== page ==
What book are you currently reading?

Discussion in 'The Clubhouse Bar' started by RC, Jan 3, 2010.

  1. Old Hooker

    Old Hooker Senior Member

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    +1. Exactly my experience. And your house doesn't get cluttered up with books you’ll never read again and your holiday luggage doesn't get weighed down by a load of paperbacks etc. The only downside to mine is the position of the on / off button at the bottom meaning I accidentally switch it off from time to time. Not the greatest hardship granted, but a small design flaw.

    Just finished Jon Sopel’s If Only They Didn’t Speak English. Excellent read from the Beeb’s man in Washington during the Trump election.
     
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  3. big ginger 8

    big ginger 8 Senior Member

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    Nearly finished the second book (Before they are hanged) of Joe Abercrombie's 'First Law' trilogy. Very good 'grimdark' fantasy, although I don't think it's so much dark as more realistic in terms of outcomes in a fantastical setting. As everyone says characterisation is Abercrombie's strongest attribute. Everyone has an arc and a number of them are up there as the most enjoyable pov's to go along with. Sand dan Glotka is fantastic and shows that even if he seems very similar to Tyrion Lannister in how he is viewed by others and what is happening to him in this books has similarities to Tyrion's time in Kings Landing, it's not necessarily a bad thing.
     
  4. big ginger 8

    big ginger 8 Senior Member

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    Recently finished two very different books.

    IT - Stephen King
    Apparently one of the last books before King kicked his coke habit and you can tell. Overall it's really good but even Brandon Sanderson could have written it with about 300 less pages. The first 400 pages are so are very mixed with some excellent passages and other less so excellent but after that it really picks up momentum. I'm not usually one to get too scared from books but there is definitely some very unnerving and creepy parts.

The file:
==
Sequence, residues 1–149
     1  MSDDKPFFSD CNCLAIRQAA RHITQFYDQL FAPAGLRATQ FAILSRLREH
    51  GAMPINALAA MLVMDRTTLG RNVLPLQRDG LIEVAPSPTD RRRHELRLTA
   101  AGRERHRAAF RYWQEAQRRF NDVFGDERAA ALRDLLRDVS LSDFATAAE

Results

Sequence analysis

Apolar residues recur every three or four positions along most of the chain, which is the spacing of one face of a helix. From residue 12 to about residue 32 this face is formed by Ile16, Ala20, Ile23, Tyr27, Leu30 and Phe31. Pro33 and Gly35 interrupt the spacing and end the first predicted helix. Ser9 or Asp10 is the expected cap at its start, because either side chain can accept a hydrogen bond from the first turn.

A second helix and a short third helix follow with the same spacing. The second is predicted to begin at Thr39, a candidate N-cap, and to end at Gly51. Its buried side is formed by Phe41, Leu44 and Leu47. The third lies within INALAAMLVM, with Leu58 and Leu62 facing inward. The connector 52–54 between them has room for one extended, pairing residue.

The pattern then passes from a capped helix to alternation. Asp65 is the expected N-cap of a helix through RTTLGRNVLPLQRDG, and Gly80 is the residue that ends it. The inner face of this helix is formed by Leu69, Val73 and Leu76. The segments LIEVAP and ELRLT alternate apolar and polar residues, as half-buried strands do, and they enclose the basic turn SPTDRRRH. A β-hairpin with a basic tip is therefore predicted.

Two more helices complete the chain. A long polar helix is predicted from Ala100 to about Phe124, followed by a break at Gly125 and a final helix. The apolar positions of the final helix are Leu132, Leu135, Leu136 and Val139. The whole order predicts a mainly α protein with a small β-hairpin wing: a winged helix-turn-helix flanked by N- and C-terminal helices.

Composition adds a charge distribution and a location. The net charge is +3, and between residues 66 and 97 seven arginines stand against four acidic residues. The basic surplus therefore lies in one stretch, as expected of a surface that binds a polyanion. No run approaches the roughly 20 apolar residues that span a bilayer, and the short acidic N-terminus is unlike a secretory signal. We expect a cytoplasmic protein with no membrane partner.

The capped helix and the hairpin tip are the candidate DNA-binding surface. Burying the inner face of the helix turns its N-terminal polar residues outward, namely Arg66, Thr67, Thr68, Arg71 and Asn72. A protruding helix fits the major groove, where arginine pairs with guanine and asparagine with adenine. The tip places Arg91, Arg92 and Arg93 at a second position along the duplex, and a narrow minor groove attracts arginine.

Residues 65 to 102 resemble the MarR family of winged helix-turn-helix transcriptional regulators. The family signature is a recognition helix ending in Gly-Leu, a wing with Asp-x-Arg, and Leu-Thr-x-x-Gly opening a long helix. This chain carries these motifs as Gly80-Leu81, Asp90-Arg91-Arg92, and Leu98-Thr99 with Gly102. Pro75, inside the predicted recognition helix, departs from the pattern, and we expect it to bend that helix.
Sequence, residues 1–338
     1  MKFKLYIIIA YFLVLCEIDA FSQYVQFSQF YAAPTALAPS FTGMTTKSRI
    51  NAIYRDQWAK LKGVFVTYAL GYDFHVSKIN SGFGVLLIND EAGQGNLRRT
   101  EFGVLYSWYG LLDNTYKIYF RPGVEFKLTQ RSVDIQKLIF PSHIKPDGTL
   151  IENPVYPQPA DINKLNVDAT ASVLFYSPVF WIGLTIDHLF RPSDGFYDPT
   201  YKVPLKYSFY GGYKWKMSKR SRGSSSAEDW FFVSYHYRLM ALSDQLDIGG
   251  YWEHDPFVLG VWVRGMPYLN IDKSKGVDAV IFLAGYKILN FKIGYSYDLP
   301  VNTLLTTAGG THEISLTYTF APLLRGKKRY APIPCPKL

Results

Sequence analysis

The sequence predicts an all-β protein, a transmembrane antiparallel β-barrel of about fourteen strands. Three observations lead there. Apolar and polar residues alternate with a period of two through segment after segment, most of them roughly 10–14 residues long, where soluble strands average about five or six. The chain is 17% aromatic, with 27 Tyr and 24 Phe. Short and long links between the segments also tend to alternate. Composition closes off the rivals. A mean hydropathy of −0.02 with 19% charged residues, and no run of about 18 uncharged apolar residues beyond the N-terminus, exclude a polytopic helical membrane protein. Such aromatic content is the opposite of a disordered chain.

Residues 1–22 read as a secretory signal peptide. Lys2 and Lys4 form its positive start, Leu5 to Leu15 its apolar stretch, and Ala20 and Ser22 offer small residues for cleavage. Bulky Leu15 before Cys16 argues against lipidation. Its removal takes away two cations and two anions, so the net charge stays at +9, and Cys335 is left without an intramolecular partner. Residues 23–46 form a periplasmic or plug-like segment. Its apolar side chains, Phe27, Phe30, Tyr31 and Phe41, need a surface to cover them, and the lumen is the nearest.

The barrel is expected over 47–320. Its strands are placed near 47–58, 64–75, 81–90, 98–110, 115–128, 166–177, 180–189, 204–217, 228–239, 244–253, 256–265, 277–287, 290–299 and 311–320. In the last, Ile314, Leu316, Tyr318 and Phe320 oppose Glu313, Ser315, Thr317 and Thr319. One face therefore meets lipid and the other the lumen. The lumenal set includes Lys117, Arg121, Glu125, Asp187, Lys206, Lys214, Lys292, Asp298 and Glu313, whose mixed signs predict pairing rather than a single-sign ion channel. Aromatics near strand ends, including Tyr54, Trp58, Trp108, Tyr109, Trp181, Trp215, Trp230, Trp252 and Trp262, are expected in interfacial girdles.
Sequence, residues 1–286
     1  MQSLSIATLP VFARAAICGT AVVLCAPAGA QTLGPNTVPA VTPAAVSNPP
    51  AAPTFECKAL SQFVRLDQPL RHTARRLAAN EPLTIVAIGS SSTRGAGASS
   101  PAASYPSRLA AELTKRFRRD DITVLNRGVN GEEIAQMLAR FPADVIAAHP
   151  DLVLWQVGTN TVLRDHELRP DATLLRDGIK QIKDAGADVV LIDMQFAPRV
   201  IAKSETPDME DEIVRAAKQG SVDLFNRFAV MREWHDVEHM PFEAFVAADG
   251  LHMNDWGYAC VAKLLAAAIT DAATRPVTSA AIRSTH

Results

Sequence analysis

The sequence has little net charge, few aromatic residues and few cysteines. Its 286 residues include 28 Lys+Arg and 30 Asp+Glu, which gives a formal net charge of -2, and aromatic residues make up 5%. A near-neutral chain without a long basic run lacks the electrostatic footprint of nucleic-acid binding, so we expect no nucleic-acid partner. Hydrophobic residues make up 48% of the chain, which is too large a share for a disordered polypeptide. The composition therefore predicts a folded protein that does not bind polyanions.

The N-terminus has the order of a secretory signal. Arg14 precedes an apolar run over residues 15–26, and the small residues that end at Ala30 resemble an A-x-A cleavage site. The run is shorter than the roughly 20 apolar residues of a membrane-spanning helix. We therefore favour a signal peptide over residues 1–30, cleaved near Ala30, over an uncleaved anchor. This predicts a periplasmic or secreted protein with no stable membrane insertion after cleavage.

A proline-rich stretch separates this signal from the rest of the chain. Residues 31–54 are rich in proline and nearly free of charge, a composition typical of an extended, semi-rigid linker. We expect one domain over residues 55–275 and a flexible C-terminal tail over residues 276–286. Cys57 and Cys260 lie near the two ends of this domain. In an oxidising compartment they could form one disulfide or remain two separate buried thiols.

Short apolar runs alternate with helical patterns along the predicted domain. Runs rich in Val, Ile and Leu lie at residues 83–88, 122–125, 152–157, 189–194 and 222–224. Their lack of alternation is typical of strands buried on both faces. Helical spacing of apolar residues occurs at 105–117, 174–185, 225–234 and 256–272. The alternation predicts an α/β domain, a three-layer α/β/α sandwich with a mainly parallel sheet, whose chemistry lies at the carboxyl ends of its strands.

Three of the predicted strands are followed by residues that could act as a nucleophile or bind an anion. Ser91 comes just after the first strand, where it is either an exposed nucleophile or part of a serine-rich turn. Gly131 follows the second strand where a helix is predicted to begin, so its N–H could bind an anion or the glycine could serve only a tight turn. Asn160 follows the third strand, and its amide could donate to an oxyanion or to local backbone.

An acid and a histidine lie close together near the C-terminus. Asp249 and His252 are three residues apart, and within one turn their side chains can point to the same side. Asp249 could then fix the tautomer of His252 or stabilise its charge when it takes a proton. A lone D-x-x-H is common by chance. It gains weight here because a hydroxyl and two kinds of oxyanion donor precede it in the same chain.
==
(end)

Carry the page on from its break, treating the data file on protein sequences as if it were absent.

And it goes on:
Prisoners of Geography - Tim Marshall
    Excellent book, explained a lot of actions taken by countries which have seemed impossible to understand from our point of view. Don't agree with everything in it but it definitely broadened my understanding of global affairs.
     
  5. RugbyUSA

    RugbyUSA Senior Member

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    The Book Of Signs by Dr. David Jeremiah. It's about the Signs of the Times in regards to Bible prophesy. It's very interesting and well written. I've read several of Dr. Jeremiah's books and enjoyed them all.
     
    Last edited: Mar 30, 2019
  6. TW27BA

    TW27BA Senior Member

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    The Burning Room............by Michael Connelly.
    Crime fiction at its best.
     
  7. Leinster Fan

    Leinster Fan Senior Member

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    I tried reading Terry Pratchett when I was younger and couldn't get into it at all, but recently I took a shot on Small Gods and haven't been able to stop reading his books since. Absolutely brilliant author.
     
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  8. bushytop

    bushytop Senior Member

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    Just started the original Dune, quite liked the movie as a kid but due to my age, the complexity of the narrative and the focus of the adaptation... I struggled with certain aspects of the story.

    Reading the original book as an adult is filling in some of the blanks though and really enjoying it.
     
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  9. Umaga's Witness

    Umaga's Witness Senior Member

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    Sandman slim series. It’s set in present time inside adjusted Christian mythology interspersed with a range of other known mythologies, all tweaked or added to, and a few newly invented ones. The characters themselves are very normal, identifiable, human or humanesque. I really liked the first one but my interest is waning the further into the series I go.
     
    Last edited: Jun 28, 2019
  10. Leinster Fan

    Leinster Fan Senior Member

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    Exactly how I feel, I read the book and watched the movie when I was younger and didn't get it at all. Read the original a few months ago and loved it. Not a fan of the sequels though.
     
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  11. bushytop